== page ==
|Changde, Changteh or Ch'ang-te (ˈtʃæŋˈdeɪ)|
|a port in SE central China, in N Hunan province, near the mouth of the Yuan River: severely damaged by the Japanese in World War II. Pop: 1 483 000 (2005 est)|
|Changteh, Changteh or Ch'ang-te|
|Ch'ang-te, Changteh or Ch'ang-te|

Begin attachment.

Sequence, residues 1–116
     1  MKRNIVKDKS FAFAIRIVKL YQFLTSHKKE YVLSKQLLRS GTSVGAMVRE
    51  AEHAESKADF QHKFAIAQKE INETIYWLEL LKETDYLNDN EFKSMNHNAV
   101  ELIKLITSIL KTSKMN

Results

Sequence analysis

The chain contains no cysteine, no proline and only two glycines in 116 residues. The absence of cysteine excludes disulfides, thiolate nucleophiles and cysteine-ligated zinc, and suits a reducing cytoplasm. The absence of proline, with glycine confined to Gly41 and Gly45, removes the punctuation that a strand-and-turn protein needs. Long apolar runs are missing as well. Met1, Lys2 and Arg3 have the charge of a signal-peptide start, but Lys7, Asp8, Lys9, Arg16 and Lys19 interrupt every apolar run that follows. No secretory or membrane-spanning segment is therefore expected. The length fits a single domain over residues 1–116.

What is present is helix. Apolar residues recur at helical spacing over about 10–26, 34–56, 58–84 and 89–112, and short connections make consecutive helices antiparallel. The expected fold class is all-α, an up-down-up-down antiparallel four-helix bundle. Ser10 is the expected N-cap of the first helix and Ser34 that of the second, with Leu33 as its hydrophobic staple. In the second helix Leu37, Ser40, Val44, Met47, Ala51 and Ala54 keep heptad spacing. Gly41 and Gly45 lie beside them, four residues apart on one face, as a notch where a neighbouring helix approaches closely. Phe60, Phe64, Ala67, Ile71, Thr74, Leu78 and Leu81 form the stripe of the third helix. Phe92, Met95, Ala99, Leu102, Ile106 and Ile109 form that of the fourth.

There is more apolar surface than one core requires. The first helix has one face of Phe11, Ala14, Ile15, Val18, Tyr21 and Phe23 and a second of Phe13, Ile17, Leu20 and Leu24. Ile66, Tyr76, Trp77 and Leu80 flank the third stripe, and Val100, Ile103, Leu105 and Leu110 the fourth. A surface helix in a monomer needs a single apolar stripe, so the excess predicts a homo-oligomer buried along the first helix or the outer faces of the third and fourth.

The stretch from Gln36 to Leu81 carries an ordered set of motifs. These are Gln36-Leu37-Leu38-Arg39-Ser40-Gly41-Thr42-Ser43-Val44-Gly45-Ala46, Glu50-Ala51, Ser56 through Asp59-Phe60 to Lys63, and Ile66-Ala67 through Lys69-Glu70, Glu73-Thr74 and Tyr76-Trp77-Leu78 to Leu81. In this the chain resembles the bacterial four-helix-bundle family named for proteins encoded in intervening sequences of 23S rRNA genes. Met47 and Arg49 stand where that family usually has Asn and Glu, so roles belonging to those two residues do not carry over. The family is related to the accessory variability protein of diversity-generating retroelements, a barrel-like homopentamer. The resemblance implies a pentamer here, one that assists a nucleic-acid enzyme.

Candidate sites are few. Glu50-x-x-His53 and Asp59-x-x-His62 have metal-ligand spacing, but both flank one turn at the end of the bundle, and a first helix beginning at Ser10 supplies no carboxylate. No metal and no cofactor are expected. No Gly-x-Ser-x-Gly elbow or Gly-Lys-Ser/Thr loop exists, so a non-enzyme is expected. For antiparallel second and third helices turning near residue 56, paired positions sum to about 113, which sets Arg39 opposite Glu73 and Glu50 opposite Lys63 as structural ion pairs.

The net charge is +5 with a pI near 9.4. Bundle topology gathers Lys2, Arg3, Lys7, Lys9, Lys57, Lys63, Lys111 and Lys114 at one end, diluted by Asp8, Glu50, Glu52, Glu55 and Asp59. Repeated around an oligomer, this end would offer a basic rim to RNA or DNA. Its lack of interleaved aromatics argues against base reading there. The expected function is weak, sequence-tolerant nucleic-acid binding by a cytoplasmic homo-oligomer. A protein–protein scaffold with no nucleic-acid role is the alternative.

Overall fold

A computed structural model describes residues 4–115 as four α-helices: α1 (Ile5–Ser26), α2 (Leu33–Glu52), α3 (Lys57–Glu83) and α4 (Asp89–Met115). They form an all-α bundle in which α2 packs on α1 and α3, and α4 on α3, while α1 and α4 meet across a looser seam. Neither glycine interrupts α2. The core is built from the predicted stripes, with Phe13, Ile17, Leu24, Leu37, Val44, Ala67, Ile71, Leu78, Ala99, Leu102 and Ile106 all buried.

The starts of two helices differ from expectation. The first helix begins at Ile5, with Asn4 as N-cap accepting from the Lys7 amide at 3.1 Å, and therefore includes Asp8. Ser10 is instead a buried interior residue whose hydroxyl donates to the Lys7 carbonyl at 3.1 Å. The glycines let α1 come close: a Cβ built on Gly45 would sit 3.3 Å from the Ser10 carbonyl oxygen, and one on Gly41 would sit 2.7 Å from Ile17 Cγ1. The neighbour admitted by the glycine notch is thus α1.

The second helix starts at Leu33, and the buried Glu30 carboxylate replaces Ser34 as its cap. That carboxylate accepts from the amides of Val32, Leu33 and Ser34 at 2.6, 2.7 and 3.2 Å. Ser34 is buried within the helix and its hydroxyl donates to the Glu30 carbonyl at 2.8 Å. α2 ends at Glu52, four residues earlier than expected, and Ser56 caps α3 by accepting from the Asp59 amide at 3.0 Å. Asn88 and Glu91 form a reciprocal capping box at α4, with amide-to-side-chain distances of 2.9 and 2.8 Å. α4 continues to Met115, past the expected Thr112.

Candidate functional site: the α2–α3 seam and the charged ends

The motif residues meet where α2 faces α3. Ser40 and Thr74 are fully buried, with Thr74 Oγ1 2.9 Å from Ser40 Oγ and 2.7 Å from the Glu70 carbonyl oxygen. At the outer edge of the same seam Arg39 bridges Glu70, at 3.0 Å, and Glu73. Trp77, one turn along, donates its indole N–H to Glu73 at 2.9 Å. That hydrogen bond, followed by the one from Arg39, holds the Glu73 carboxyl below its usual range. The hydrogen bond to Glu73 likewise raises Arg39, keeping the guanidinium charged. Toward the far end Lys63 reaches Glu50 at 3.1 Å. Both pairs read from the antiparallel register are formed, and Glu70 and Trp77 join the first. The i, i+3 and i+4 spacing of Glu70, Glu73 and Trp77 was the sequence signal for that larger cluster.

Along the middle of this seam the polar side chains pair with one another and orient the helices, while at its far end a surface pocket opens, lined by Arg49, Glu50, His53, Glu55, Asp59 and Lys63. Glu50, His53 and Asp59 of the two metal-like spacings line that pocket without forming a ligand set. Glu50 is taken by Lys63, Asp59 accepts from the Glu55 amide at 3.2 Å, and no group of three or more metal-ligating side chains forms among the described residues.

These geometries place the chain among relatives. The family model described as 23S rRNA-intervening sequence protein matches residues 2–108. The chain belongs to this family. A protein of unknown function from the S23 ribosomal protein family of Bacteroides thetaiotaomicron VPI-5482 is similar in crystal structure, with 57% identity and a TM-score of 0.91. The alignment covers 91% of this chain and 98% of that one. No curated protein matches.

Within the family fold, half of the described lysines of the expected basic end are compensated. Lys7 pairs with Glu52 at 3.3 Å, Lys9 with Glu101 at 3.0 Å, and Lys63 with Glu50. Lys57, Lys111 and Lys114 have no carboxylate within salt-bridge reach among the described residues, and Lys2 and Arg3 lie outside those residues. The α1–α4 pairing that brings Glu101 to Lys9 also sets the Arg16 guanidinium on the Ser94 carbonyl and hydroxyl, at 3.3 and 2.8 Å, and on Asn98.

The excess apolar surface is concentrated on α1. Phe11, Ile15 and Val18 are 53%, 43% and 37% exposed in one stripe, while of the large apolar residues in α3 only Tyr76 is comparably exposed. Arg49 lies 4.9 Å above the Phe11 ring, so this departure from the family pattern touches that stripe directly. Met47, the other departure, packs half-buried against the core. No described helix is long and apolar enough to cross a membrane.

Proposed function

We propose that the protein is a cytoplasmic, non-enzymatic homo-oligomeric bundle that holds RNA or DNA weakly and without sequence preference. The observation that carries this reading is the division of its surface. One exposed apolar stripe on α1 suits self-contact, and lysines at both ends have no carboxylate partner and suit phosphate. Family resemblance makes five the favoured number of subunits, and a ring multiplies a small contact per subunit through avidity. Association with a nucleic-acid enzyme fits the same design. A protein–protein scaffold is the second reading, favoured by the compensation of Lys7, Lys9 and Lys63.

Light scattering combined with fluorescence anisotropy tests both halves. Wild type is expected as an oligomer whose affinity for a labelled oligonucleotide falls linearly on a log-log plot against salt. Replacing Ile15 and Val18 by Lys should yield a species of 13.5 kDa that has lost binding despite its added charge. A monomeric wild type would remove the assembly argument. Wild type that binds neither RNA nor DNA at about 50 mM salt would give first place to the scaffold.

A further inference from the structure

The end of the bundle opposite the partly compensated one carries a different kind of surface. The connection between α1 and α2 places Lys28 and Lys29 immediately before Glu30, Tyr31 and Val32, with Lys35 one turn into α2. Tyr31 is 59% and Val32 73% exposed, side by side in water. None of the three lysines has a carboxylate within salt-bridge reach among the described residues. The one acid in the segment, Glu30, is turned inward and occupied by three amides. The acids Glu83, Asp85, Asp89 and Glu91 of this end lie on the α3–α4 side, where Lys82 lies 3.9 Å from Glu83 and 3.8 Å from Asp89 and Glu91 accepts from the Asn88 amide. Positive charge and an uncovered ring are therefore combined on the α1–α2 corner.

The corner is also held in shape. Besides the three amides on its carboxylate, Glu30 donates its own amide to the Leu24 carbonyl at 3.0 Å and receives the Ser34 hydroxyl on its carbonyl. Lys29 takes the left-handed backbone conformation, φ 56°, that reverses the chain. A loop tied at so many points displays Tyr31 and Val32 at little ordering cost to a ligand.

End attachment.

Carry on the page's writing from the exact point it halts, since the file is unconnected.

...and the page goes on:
city in northern Hunan sheng (province), China. Situated on the north bank of the Yuan River above its junction with the Dongting Lake system, Changde is a natural centre of the northwest Hunan plain. In historical times it was also a centre from which governments controlled the mountain tribes of western Hunan. A county named Linyuan was established there in the 2nd century BCE. In 589 its name was changed to Wuling, and under the Tang dynasty (618-907) it became the seat of Lang prefecture. Under the Song dynasty (960-1279) the name of the prefecture was changed to Tingzhou, and in 1164-74 it became a superior prefecture called Changde. This status was retained until 1912, when the superior prefecture was abolished and the city became a county seat
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